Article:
Restoration progress continues to be made on Oil Springs School in Harpers Ferry; Sneak preview of restored rural schoolhouse scheduled for this Saturday

The interior of the Oil Springs School now relocated in Harpers Ferry has also been restored and furnished back similar to its previous existence as a one-room schoolhouse with desks and other materials. Many of the historic items have been donated and others found at auctions or elsewhere. Submitted photo.

The Oil Springs School has been restored and repainted at its new location in Harpers Ferry, with a Paint Iowa Beautiful grant from Diamond Vogel Paint and Keep Iowa Beautiful assisting with the paint costs for the project. A sneak preview open house of the one-room schoolhouse is being planned for this Saturday, October 14 from 10 a.m.-4 p.m. Submitted photo.

by Brianne Eilers

Progress continues to be made with the restoration of the Oil Springs School, located next to Tillinghast Park in Harpers Ferry. Last November, the Harpers Ferry Area Heritage Society (HFAHS), along with the time and talents of many volunteers, moved the one-room school from its former location two miles north of Harpers Ferry to its present location.

Throughout the past six months, volunteers have spent over 500 hours working on various projects to get the school as close to original condition as possible. A "Sneak Preview" Open House is scheduled for this Saturday, October 14 from 10 a.m.-4 p.m. and the public is invited to stop by and see the work that has been done so far.

During the move last fall, the entrance to the school had to be taken off, and that has since been reattached. A concrete foundation was poured for the outhouse, and that has now been set in place. Signage has also been installed in the front of the school to alert visitors that they are at the right place. A life-size cut out of a school teacher was even made for any RAGBRAI or River Rumble visitors that might have wanted to insert their own face for a photo opportunity.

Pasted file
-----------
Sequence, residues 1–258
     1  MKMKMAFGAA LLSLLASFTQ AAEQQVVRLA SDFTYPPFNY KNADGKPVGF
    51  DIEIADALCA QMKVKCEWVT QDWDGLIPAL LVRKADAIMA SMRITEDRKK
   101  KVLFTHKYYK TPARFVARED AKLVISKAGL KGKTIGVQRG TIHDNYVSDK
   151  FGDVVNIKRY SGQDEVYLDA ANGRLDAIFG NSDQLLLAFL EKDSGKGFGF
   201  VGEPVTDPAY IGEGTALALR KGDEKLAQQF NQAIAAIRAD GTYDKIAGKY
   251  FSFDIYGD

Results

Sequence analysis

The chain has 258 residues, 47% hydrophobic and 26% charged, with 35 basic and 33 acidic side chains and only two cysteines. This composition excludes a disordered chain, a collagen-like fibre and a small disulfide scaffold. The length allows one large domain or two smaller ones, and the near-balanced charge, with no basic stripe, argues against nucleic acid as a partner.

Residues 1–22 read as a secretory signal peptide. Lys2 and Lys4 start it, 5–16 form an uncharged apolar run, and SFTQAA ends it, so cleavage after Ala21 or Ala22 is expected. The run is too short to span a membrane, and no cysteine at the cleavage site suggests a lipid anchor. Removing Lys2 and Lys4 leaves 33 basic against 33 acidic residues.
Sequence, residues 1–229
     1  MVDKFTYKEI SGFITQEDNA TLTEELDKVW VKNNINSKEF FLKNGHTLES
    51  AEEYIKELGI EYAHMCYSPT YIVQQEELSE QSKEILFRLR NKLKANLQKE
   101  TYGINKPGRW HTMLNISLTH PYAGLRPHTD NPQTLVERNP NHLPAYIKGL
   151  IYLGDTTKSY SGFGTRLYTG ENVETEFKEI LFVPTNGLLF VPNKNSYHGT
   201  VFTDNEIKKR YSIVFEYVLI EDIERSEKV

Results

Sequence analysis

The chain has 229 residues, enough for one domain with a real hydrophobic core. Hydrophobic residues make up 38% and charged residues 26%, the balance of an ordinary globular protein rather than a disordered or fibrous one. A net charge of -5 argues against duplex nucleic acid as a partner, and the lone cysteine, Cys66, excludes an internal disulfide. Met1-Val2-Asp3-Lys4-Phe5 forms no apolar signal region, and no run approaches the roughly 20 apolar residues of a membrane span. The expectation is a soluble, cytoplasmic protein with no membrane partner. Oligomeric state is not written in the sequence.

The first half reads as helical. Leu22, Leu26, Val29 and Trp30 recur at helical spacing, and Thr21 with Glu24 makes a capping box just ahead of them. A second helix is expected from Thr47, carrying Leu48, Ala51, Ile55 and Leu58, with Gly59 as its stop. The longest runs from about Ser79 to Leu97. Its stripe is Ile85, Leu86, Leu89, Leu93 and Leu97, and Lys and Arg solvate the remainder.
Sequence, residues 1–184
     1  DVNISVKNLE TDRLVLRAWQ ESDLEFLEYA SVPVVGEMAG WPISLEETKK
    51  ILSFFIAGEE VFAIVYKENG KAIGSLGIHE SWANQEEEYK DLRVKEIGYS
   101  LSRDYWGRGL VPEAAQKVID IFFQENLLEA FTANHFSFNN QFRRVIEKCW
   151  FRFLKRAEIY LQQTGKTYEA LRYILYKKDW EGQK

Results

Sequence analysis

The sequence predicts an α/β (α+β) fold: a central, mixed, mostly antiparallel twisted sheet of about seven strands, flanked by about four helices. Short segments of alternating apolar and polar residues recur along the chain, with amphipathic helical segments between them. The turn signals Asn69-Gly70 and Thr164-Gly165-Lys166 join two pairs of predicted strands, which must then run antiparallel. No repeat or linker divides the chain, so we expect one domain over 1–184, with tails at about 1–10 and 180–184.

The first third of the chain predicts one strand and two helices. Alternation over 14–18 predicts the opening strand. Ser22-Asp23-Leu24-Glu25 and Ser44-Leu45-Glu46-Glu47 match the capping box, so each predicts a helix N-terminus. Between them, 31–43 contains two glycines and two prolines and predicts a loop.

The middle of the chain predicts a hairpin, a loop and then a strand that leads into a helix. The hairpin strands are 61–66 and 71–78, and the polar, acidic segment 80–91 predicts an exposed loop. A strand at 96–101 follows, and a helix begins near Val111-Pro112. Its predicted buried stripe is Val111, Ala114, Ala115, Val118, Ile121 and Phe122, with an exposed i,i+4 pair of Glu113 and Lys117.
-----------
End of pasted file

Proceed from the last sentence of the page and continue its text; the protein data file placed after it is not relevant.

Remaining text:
Volunteer Jane Hasek explained that one of the major projects this year with the Oil Springs School has been painting. She said HFAHS received a Paint Iowa Beautiful grant from Diamond Vogel Paint and Keep Iowa Beautiful. The HFAHS received seven gallons of paint through the grant, and the grant is geared towards community improvement projects. Painting was done both inside and outside of the school.

Hasek said that inside the school, volunteers scraped down to the original paint, and then took chips to match the original color with the new color. She noted that school houses were generally a light blue or light green inside, and the Oil Springs School has a light blue interior.

The outside of the school is white. Hasek also pointed out that during the process of painting the exterior, the door and entrance they noticed where former students had carved their initials into the school on the back exterior wall.

"There are no windows on that side (the back exterior wall) and the outhouse would have been back there," she explained, and the teacher probably wouldn't have seen the mischief that the students might be up to.

Several volunteers stopped by over the summer to help with the painting process. Julie O'Brien, a retired police commander from Austin, TX, was one of those volunteers. She and her brother, Dennis O'Brien, were visiting Harpers Ferry over the summer. Dennis is a teacher in Hilo, HI and can appreciate the effort of the one-room school teachers.

"He has immense respect for the work of one-room schoolhouse teachers providing superior education to a group of kids of varying ages and in the confines of one room. Supplies may have been limited in a one-room schoolhouse, but not the imagination and effort of the teacher to help students learn," said Julie.

Both of their parents are from the Harpers Ferry area, and the eight O'Brien children visited many times with their parents, Raymond and Mary Irene (Melavin) O'Brien. "Harpers Ferry was a magical place for the O'Brien children. We visited Harpers several times a year with my parents. During that time period, they seemed to know everyone in Harpers, and the best part of visiting was all the stories my parents told about Harpers," O'Brien said.